GE: Renewables Can Be Integrated Reliably, Cost-EffectivelyEngineering360 News Desk | May 24, 2016
Findings from GE studies of three areas of the North American electrical grid suggest that with prudent investment—including transmission upgrades and regulating reserves—operators can boost renewables' share of the fuel mix while maintaining grid reliability and achieving fuel cost savings.
GE's Hawaii Wind & Solar studies utilized modeling tools to evaluate cost-effective ways to support the growth of renewables on the islands of Oahu and Maui. The study identified several operational changes that would be required to successfully integrate more renewables, including:
· Grid operators should carry “regulating reserves” to offset potential short-term variability in renewable power, which could come from thermal plants, demand response, storage and even wind and solar. Allowing renewables to provide reserves, the grid could save up to $50 million per year and integrate an additional 200 GWh of wind and solar.
· Modifications that allow thermal units to operate at lower levels could save up to $80 million/year and accommodate up to an additional 110 MW per hour of renewables.
· As wind and solar penetration increase, in some scenarios it could be more economical to turn thermal generation off, which could reduce curtailment by up to 40% and save approximately $19 million per year in a high-renewable scenario.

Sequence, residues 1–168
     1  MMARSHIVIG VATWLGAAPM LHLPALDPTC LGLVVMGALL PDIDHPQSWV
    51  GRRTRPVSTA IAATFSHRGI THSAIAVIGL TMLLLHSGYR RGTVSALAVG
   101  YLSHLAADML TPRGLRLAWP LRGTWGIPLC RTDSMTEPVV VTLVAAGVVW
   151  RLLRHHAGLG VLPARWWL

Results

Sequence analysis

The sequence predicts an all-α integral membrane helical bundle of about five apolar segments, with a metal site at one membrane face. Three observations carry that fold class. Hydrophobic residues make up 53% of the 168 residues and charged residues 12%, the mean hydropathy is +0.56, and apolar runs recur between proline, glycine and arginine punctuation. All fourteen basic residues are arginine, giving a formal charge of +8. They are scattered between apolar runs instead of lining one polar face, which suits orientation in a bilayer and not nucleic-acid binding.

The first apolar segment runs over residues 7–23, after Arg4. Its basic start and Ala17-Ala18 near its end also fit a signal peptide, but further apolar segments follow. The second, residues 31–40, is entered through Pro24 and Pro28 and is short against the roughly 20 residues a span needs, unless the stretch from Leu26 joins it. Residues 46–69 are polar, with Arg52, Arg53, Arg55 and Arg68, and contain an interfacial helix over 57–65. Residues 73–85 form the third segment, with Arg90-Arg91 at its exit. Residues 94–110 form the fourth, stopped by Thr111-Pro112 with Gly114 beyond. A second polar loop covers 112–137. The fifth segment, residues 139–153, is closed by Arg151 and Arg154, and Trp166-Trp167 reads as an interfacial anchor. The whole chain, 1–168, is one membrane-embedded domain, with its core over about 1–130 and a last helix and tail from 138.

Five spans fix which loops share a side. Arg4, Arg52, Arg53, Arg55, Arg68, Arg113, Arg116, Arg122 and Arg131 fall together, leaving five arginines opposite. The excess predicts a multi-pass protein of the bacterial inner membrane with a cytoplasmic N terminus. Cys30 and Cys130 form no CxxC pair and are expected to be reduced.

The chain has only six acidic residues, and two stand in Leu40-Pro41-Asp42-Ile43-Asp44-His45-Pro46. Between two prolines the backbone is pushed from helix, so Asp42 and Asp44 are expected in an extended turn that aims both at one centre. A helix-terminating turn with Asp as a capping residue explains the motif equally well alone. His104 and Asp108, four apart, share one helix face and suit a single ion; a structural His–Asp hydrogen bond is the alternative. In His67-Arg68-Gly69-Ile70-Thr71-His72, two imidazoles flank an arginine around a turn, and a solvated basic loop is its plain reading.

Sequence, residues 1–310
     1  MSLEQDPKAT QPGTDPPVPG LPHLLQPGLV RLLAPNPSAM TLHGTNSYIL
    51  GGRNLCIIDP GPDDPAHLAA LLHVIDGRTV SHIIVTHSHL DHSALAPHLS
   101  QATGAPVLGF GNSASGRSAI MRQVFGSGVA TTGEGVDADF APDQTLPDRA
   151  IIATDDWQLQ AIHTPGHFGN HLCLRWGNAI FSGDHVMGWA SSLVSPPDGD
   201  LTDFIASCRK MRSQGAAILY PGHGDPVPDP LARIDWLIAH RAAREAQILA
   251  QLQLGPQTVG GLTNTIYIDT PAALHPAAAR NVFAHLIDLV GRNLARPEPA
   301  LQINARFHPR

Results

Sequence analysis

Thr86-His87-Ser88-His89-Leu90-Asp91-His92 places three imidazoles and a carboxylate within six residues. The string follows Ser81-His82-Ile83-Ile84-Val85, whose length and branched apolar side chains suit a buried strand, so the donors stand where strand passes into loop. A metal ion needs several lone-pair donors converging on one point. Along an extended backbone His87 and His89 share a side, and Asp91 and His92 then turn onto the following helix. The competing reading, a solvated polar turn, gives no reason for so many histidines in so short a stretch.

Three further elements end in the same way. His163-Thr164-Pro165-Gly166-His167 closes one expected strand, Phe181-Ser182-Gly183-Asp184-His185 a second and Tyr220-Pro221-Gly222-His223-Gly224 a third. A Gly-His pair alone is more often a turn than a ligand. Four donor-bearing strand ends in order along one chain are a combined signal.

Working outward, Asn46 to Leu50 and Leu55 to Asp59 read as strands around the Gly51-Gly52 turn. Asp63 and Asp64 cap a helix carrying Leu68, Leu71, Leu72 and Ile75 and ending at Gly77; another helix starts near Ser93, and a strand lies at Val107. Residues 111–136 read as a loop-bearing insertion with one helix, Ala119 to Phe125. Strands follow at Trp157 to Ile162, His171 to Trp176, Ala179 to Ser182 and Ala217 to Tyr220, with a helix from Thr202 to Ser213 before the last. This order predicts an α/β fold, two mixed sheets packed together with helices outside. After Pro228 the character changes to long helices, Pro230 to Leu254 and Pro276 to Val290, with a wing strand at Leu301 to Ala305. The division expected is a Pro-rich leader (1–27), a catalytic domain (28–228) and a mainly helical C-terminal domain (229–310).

GE's study of the Western Interconnection determined that it could reliably meet more than 30% of the region’s electrical power needs by integrating renewables. Wind and solar could provide a 40% fuel savings compared to traditional generation, while reducing coal plant dispatch by 80%, the study concluded.
GE's renewable integration study of PJM—which includes service territories in parts of 14 states and territories in the mid-Atlantic and Midwest—found that to achieve the 14% (40 gigawatts) renewable portfolio standard PJM wants to reach would require an annual transmission investment of approximately $4 per megawatt-hour of renewable energy. Further, the study found that the fuel cost savings from renewable generation (~$70 per MWh) could offset the costs of the necessary transmission investments over time.